Coleslaw came to us from Dutch via American English. Dutch kool means “cabbage” (cf. German Kohl, known to most as the family name of Helmut Kohl, the Chancellor of Germany, 1982-1998), while Dutch sla is the common colloquial form of salade “salad.” Thus, the etymon is koolsla.From the Oxford University Press blog.
It is unclear why the second element of coleslaw rhymes with haw, paw, raw, rather than with spa. Words like spa are rare in Modern English; outside baa-baa, blah-blah-blah, bah and their ilk they are exotic borrowings (ah sounds more natural in the unstressed syllables of names like Sarah, Hannah, and so forth, including Monty Python’s Peckinpah). The change from ah to aw may have been the result of the word’s domestication. Or do we owe the shape of the vowel to the Midwesterners, in whose speech Shaw is indistinguishable from Shah?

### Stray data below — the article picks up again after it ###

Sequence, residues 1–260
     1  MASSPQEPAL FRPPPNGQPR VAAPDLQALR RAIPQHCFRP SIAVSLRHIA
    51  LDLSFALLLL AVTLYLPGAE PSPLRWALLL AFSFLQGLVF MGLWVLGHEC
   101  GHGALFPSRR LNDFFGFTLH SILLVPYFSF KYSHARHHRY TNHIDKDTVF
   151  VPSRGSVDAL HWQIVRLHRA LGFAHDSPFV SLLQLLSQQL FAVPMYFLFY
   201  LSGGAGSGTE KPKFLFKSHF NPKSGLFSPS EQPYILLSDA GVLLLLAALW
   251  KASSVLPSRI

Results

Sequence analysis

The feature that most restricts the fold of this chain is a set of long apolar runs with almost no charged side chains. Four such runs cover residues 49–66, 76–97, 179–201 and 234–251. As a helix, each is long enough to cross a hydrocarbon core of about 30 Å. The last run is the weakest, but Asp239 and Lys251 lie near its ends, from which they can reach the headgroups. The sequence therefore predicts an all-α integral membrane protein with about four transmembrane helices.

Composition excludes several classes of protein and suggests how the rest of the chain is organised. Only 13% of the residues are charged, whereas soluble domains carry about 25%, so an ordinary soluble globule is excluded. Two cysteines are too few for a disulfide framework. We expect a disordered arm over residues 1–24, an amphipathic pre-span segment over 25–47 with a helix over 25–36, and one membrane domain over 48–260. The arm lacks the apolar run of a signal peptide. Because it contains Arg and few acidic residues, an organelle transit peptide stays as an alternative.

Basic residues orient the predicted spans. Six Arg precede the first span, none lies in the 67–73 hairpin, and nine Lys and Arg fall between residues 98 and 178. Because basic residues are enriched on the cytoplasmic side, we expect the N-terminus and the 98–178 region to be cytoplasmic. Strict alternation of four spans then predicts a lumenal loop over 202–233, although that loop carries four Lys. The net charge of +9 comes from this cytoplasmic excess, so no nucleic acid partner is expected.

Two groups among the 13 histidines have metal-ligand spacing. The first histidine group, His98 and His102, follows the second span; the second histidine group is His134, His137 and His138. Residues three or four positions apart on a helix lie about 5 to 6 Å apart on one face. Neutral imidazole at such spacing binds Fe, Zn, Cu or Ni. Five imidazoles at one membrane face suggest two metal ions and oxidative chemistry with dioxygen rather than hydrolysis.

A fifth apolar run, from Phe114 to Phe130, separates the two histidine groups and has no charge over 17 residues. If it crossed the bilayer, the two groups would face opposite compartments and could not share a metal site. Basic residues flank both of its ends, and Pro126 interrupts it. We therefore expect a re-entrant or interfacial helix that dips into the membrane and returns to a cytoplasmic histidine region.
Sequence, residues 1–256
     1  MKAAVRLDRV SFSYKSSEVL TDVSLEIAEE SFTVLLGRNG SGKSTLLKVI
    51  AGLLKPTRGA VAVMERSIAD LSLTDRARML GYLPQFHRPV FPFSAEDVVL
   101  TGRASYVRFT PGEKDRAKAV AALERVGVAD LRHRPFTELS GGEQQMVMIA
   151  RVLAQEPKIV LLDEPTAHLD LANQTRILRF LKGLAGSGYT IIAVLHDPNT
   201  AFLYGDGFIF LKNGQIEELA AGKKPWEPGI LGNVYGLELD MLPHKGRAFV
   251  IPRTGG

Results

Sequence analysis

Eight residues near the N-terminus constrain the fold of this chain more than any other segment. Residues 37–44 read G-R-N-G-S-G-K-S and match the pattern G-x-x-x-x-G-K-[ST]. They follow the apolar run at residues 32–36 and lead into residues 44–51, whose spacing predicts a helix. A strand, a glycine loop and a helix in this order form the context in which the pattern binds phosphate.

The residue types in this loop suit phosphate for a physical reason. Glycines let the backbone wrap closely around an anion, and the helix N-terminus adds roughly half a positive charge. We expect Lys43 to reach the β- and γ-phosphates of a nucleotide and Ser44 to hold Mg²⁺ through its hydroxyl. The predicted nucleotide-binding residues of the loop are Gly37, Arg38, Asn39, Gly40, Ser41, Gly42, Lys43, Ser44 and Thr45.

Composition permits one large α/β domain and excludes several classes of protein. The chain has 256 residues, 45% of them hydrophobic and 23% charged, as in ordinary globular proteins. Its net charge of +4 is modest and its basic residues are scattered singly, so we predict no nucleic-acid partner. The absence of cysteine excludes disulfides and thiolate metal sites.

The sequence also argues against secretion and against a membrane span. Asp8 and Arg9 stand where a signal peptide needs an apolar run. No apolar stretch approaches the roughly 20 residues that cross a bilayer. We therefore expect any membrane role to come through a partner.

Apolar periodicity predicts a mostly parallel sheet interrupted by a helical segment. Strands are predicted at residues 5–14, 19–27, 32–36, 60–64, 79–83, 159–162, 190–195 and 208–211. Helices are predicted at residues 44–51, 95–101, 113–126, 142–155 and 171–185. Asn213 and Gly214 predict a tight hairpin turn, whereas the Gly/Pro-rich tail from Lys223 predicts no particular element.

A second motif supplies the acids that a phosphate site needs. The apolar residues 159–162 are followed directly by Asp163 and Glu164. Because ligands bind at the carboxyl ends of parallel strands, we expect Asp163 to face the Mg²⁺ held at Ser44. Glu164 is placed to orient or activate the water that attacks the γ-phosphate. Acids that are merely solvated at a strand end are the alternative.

29 September 2011
The etymology of "coleslaw"
Labels: English language